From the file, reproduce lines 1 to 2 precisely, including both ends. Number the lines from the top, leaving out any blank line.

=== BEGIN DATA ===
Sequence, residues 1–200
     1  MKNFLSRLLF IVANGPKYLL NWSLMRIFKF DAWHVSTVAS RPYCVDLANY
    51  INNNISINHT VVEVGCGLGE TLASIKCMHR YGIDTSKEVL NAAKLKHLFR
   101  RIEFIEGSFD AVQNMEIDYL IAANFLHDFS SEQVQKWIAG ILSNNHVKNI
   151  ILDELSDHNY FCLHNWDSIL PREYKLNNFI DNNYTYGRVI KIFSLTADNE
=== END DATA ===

Sequence, residues 1–200
     1  MKNFLSRLLF IVANGPKYLL NWSLMRIFKF DAWHVSTVAS RPYCVDLANY